Recruitment advertising, which is probably our most economically-sensitive business, was down almost 30% from last year and healthcare continue to slow in the quarter due to a lower number of new product releases and cuts in spending from the large pharma companies.

Our geographic mix of business in the quarter was 52.2% U.S. and 47.8% international. In the United States, revenue declined $86.4 million or 4.7%. Acquisitions, actually added $20 million to revenue or about 1.1% and organic growth was a negative 5.8%.

International revenue decreased by $168.3 million or 9.5%. As I mentioned before, FX was very significant. It reduced revenue by $210.7 million or about 11.8%. International acquisitions added $19 million or 1.1%. And our international organic growth in the quarter was positive 1.3%.

Internationally, we had strong performances in the emerging the markets of Asia, especially China and India, as well as in Eastern Europe. Developed Asia, specifically Japan and Korea were down sharply and Western Europe, with the exception of France and the U.K., were consistent with U.S. The results in France and the U.K. were more a factor of new business success and weaker prior year comparatives rather than better economic conditions in those markets.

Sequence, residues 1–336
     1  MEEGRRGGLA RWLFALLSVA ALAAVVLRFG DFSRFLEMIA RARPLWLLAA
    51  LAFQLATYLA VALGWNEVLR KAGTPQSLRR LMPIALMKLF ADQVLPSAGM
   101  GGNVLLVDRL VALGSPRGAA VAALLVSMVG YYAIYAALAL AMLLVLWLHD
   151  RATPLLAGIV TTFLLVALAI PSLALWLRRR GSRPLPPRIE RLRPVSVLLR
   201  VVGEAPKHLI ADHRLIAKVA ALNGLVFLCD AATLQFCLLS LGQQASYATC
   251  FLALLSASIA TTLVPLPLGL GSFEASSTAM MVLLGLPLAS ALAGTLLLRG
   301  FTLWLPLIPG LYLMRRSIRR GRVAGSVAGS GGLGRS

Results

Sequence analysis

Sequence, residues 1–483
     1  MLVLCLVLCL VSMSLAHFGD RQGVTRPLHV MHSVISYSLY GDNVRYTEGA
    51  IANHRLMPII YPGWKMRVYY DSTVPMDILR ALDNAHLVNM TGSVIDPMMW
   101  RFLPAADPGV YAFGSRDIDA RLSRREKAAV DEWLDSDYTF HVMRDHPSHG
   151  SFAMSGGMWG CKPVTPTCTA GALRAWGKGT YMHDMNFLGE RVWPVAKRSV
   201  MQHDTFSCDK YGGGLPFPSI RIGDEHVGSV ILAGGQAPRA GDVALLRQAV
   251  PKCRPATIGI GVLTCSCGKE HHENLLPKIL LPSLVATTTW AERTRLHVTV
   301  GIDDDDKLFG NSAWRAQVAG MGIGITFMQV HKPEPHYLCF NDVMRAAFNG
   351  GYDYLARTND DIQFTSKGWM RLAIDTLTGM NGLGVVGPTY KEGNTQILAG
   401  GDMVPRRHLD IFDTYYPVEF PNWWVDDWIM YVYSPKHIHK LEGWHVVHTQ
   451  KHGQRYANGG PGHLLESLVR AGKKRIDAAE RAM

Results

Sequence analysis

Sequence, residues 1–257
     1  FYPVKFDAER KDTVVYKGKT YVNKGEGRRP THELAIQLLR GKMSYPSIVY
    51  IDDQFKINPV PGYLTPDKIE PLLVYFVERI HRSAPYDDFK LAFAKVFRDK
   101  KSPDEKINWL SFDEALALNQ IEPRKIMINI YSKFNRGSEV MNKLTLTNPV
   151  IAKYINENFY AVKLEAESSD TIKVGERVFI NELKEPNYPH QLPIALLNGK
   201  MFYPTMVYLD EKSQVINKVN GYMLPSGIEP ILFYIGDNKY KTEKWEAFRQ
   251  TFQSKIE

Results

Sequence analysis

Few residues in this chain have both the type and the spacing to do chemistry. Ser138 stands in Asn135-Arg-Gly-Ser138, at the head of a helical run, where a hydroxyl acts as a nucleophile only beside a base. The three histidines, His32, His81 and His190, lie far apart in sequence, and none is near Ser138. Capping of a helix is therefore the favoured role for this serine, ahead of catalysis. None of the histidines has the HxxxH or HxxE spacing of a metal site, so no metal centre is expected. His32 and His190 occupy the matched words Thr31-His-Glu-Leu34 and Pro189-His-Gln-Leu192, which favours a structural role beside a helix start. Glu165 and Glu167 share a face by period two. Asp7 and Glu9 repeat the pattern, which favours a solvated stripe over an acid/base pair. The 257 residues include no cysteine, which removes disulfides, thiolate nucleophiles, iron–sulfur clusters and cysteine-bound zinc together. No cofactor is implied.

Operating cash flow for the year was strong. While as a result of the current economic environment, we're experiencing pressure from certain clients on working capital. To-date, our performance has been good. The measure of our operating performance in this area is the average relationship between our receivables and payables.

To-date, we've not experienced any meaningful decline in our working capital operating performance. We have however, significantly increased our focus in this area to ensure that our performance stays on track.

Absent our own operating performance, FX has had a negative impact on our working capital. As did although to a much lesser extent, declines in client spending at year end. As you know, we operate with negative working capital, meaning working capital is a source of cash for us, about half of which comes from our media operations.